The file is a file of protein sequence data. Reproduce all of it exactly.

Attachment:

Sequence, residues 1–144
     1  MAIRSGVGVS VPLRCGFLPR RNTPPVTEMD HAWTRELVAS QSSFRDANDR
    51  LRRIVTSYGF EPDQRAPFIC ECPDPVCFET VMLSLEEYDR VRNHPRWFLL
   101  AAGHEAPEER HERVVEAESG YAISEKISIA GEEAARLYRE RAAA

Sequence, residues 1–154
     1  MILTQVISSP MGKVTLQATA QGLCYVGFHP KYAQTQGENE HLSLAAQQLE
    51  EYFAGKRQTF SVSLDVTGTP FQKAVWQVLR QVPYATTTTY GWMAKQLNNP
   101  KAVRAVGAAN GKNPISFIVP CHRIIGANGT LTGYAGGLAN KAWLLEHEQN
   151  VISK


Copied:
Sequence, residues 1–144
     1  MAIRSGVGVS VPLRCGFLPR RNTPPVTEMD HAWTRELVAS QSSFRDANDR
    51  LRRIVTSYGF EPDQRAPFIC ECPDPVCFET VMLSLEEYDR VRNHPRWFLL
   101  AAGHEAPEER HERVVEAESG YAISEKISIA GEEAARLYRE RAAA

Sequence, residues 1–154
     1  MILTQVISSP MGKVTLQATA QGLCYVGFHP KYAQTQGENE HLSLAAQQLE
    51  EYFAGKRQTF SVSLDVTGTP FQKAVWQVLR QVPYATTTTY GWMAKQLNNP
   101  KAVRAVGAAN GKNPISFIVP CHRIIGANGT LTGYAGGLAN KAWLLEHEQN
   151  VISK